The Supreme Court today rejected an industry-led effort to topple U.S. EPA’s Chesapeake Bay cleanup plan.
In a short order issued this morning, the court refused to hear an appeal of a lower court’s decision that upheld EPA’s "pollution diet" for the watershed. The American Farm Bureau Federation and its allies, including 22 states and dozens of lawmakers, had urged the justices to take the case, arguing that EPA’s plan violates the Clean Water Act.
The Supreme Court’s rejection leaves in place a decision issued last year by the Philadelphia-based 3rd U.S. Circuit Court of Appeals, which marked a major victory for the Obama administration.
In that ruling, the lower court upheld EPA’s Total Maximum Daily Load (TMDL) process for cleaning up the 64,000-square-mile watershed. EPA issued the TMDL in December 2010 (Greenwire, July 6, 2015).
The court’s refusal to hear the case may have been affected by the death of Justice Antonin Scalia. Very few cases are accepted by the high court for review, but Scalia was one of the justices most skeptical of environmental regulations. It takes the votes of four justices for the court to agree to take a case. With only eight justices remaining on the court for the foreseeable future, it’s possible that the court is now reluctant to take on new cases that could split 4-4 along ideological lines. Such a split simply upholds a lower court ruling without setting new precedent.
Timothy Bishop, an attorney at Mayer Brown LLP representing the Farm Bureau in the case, said last week that this case was among the issues "that are just so important that they cry out for Supreme Court review." He said the justices’ analysis was needed to bring certainty to the issue.
The Farm Bureau warned the justices that EPA’s approach "makes nonsense of the word ‘total’ by imposing inflexible allocations of pollutant loads over small geographic areas by source types, as well as rigid deadlines for compliance regardless of cost or feasibility." The group said the agency’s requirements violate the plain language of the Clean Water Act and "mean that EPA, rather than the states, gets to decide how the burdens of achieving water quality goals are shared among land uses like farming, construction, and forestry," although Congress assigned responsibility for those decisions to the states (Greenwire, Feb. 3).
Twenty-two states — led by Kansas, Indiana and Missouri — and 92 members of Congress also argued that EPA had overreached (Greenwire, Dec. 10, 2015).
The National Corn Growers Association today expressed disappointment with the court’s rejection. "The EPA has consistently pushed the legal limits of the Clean Water Act, with the Chesapeake Bay blueprint and the Waters of the U.S. (WOTUS) rule being two of the most recent examples," said Chip Bowling, president of the association, which was among the industry challengers.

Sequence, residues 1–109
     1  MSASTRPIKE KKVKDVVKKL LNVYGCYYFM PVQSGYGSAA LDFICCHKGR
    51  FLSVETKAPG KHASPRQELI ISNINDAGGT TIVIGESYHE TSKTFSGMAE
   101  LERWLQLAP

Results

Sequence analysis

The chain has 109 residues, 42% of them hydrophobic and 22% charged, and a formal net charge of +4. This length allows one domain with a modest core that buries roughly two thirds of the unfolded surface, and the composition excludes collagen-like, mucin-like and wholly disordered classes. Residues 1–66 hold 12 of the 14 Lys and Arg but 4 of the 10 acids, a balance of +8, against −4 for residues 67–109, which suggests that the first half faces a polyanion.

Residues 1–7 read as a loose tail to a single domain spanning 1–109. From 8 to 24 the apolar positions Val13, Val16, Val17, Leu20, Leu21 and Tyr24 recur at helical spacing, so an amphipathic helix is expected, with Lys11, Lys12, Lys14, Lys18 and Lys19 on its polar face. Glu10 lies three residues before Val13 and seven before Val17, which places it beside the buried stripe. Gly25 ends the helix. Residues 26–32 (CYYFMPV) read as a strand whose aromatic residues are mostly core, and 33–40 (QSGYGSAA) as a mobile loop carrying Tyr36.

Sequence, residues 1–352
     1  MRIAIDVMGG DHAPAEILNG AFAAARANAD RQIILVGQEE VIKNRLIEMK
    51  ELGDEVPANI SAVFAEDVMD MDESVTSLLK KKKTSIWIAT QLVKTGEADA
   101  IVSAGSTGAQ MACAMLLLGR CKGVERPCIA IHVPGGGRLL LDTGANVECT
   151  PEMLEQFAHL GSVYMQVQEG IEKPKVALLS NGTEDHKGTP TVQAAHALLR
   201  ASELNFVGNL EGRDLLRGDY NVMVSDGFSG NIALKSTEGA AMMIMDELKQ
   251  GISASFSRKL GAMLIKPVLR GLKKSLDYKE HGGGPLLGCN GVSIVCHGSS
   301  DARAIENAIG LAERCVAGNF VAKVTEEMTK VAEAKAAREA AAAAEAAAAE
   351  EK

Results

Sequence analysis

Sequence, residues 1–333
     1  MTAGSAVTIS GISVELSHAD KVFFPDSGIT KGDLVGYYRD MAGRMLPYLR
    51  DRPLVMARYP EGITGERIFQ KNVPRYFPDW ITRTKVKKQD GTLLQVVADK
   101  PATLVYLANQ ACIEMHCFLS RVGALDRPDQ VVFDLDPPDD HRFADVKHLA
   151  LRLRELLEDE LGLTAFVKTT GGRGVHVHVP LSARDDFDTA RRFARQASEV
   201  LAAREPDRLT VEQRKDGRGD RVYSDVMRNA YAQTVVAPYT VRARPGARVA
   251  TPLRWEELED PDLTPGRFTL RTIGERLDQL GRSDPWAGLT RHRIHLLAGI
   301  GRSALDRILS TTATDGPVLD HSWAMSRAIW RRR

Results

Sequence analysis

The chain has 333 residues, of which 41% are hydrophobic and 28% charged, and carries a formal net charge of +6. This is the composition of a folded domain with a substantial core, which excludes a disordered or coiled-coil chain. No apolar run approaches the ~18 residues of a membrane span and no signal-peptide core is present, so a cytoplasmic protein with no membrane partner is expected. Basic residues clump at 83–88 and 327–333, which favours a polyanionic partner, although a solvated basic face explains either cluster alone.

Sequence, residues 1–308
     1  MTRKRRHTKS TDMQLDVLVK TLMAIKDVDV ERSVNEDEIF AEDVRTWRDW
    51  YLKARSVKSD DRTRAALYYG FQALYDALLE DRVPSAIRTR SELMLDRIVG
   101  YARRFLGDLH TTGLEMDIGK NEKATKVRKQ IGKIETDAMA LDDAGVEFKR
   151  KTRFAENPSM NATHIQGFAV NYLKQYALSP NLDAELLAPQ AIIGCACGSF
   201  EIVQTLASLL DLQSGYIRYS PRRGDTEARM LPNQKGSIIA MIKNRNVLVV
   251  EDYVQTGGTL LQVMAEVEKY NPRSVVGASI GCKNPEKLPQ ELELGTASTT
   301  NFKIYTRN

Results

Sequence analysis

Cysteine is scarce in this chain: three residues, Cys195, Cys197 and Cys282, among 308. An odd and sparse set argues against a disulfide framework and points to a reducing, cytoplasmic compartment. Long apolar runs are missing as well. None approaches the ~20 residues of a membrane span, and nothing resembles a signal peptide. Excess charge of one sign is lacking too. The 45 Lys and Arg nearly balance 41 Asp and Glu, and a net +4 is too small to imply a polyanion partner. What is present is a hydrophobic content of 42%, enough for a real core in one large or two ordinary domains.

"When Congress passed the Clean Water Act, their intention was to create balanced, practical policies to protect America’s water resources with a clear division of power between states and the federal government. In both of these cases, the EPA’s actions represent an unlawful expansion of their authority," Bowling added.
Environmental advocates, meanwhile, hailed the high court’s refusal to take the case.
Rena Steinzor, a member scholar at the Center for Progressive Reform, called the move "a milestone victory for the restoration of the Chesapeake Bay and the thousands of local waters in the Bay watershed. Today’s decision should at last put an end to any efforts to evade responsibility for reducing nutrient and sediment pollution." She said the decision marks "a clear affirmation of the plain meaning of the Clean Water Act and EPA’s authority to enforce it."
Chesapeake Bay Foundation President William Baker said in a statement today, "Everyone who cares about clean water can breathe easier now that the Supreme Court has let stand the lower court decision that the Chesapeake Clean Water Blueprint is perfectly legal under the federal Clean Water Act." Baker’s group defended EPA in the lawsuit.
"Now that all of the legal challenges have been denied, we hope those who have opposed the Chesapeake Clean Water Blueprint will devote their time, expertise, and money to working with all of the clean water partners to help Save the Bay. We have consistently urged partnership not litigation, and now we hope to achieve it," Baker added.
The Obama administration had pressed the Supreme Court to pass on the case, arguing that EPA’s approach is legal under the Clean Water Act (Greenwire, Jan. 20).
Correction: An earlier version of this article stated that the Farm Bureau said EPA’s requirements violated the Clean Air Act; it is the Clean Water Act.